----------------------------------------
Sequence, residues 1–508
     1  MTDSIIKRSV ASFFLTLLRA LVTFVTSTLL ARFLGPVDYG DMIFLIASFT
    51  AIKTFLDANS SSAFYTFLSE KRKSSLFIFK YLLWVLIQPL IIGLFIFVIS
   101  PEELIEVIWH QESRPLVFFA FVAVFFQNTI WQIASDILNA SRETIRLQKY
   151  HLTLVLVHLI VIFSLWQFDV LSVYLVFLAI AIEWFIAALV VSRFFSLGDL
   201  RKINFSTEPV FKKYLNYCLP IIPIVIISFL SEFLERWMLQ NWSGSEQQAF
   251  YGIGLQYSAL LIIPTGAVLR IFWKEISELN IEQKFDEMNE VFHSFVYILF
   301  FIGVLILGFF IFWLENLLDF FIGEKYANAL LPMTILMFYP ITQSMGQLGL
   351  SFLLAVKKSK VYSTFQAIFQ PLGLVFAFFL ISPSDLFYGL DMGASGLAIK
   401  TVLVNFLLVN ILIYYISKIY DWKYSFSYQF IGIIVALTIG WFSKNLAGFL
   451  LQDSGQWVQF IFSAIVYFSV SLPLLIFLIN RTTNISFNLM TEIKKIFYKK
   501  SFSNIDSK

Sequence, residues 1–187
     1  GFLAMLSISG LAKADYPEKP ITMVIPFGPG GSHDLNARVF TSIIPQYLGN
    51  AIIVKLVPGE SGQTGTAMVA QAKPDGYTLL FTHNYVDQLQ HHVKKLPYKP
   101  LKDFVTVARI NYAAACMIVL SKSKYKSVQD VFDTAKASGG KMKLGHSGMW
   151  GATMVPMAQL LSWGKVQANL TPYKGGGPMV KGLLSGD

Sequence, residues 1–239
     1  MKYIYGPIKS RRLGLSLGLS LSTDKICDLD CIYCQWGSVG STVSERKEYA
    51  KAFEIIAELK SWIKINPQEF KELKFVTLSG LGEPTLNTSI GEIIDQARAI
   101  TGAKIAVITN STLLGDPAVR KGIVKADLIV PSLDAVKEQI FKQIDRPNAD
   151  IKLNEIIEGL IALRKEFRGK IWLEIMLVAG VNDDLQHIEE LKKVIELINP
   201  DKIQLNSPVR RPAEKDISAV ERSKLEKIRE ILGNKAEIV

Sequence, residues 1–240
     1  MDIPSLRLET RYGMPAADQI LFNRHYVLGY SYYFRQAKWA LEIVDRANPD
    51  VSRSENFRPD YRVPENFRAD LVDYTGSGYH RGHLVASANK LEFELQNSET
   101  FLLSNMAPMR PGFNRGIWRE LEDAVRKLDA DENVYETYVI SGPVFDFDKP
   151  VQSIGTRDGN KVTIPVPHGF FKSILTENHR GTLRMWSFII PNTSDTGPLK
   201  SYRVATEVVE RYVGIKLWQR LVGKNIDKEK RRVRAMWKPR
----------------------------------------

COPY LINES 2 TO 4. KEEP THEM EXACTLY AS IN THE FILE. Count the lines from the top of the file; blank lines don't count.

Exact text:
     1  MTDSIIKRSV ASFFLTLLRA LVTFVTSTLL ARFLGPVDYG DMIFLIASFT
    51  AIKTFLDANS SSAFYTFLSE KRKSSLFIFK YLLWVLIQPL IIGLFIFVIS
   101  PEELIEVIWH QESRPLVFFA FVAVFFQNTI WQIASDILNA SRETIRLQKY